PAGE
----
The best cybersecurity plans start with people, not systems. However, many employees fail to see themselves as valuable member of the cybersecurity team. Contrary to popular opinion, cybersecurity extends beyond the department of information technology. Every member of an organization has a role to play in protecting the frontline of the company’s infrastructure. Solid cybersecurity awareness begins with an understanding of those roles and responsibilities and how nontechnical employees can contribute on a daily basis. However, employees often have doubts about their ability to contribute, creating barriers that hinder cybersecurity education and growth. In this article, we will list a few of the reasons that create barriers and how to overcome them.
“I lack technical knowledge”
While IT and HR departments have made significant strides in cybersecurity management, the scale in which cybersecurity must be implemented is beyond what those two sectors can maintain. Being “tech-savvy” doesn’t define being a key cybersecurity contributor. There are many key elements of cybersecurity that involve nontechnical education and awareness. All employees should be equipped to manage the following points:
- Spotting phishing campaigns
- Maintaining quality password control
- Establishing two-factor authentication
- Reporting suspicious activity
- Provide feedback and solution ideas on major and minor security issues
“My schedule is too busy”
Budgets and schedules have a typical commonality in the fact that they always seem to be tight. Business owners and employees alike often have many responsibilities that keep them in a constant state of motion. However, just as taking time to formulate constructive budgets is essential, scheduling time for cybersecurity training is just as critical. Cybersecurity is the guard that protects all valuable assets that keep the enterprise running. The downtime caused by a ransomware attack is usually several days and can cost millions of dollars to repair. All this loss of revenue and production could have been spared by taking as little as an hour to train employees on proper awareness.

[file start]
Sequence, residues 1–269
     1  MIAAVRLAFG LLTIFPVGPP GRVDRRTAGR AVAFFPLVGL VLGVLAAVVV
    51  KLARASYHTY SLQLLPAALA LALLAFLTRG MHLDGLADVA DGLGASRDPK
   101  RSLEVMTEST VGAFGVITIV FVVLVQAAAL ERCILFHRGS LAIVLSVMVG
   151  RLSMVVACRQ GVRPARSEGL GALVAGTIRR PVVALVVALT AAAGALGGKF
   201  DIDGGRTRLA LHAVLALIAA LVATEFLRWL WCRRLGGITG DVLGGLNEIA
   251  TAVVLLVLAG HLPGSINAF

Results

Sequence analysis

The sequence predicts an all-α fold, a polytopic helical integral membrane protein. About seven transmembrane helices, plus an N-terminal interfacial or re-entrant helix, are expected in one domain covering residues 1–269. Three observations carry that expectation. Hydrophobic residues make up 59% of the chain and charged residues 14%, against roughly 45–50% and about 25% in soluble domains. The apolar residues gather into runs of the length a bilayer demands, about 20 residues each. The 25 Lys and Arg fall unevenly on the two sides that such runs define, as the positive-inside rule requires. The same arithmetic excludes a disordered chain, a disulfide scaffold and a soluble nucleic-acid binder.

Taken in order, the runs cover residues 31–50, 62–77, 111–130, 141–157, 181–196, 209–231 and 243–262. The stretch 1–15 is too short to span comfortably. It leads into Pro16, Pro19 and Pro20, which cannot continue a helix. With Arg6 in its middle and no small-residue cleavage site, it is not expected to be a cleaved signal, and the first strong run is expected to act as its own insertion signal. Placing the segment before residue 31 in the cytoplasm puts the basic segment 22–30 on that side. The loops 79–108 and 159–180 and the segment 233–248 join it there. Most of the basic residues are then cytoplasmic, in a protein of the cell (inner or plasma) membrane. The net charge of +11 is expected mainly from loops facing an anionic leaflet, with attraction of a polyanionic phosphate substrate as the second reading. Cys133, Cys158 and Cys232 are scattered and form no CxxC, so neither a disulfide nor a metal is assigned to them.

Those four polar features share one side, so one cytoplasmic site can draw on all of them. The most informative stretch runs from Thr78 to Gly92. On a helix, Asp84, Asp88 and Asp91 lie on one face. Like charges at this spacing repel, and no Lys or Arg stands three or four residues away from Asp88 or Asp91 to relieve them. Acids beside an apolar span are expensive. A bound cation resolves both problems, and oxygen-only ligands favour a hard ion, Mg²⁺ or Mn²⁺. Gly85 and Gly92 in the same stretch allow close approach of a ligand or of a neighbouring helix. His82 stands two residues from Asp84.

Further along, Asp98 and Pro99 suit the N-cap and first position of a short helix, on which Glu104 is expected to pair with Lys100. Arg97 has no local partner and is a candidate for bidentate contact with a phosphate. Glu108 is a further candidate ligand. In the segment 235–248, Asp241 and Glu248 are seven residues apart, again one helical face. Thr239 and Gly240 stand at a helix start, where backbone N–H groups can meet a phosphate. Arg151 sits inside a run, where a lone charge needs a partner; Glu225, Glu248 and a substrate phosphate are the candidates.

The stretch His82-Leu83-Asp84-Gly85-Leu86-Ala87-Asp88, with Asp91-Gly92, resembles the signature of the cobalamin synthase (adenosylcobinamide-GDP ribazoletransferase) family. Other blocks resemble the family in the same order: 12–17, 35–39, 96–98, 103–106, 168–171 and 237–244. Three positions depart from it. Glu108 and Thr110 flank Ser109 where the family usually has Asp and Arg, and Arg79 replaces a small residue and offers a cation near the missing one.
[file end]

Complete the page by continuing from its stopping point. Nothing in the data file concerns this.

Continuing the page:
“We’ve never focused on it before”
Many times, the culture surrounding a company can dictate how cybersecurity is managed. Nontechnical employees often feel like it’s not their place to start an initiative regarding cybersecurity. However, changing the cybersecurity culture doesn’t have to start at the top nor does it have to reside within an IT department. Changing a culture starts with someone recognizing a problem and initiating conversations towards finding a solution. Even without any form of cybersecurity, employees can still do their part by always looking for ways to protect company data. Any employee that feels like data, banking information, or other assets are at risk should speak up and let their voices be heard. They could potentially save their company a great deal of trouble by catching a threat before it becomes a real issue.
These points can be a struggle for many organizations. It’s important that strides are taken towards breaking these barriers down and creating a sense of urgency for all employees when it comes to cybersecurity. Many organizations fall into the trap of believing, “It’s not going to happen to me.” Don’t let your organization fall victim to this line of thinking. Regardless of your role, do your part to ensure your business is educated and prepared for any threats that arise.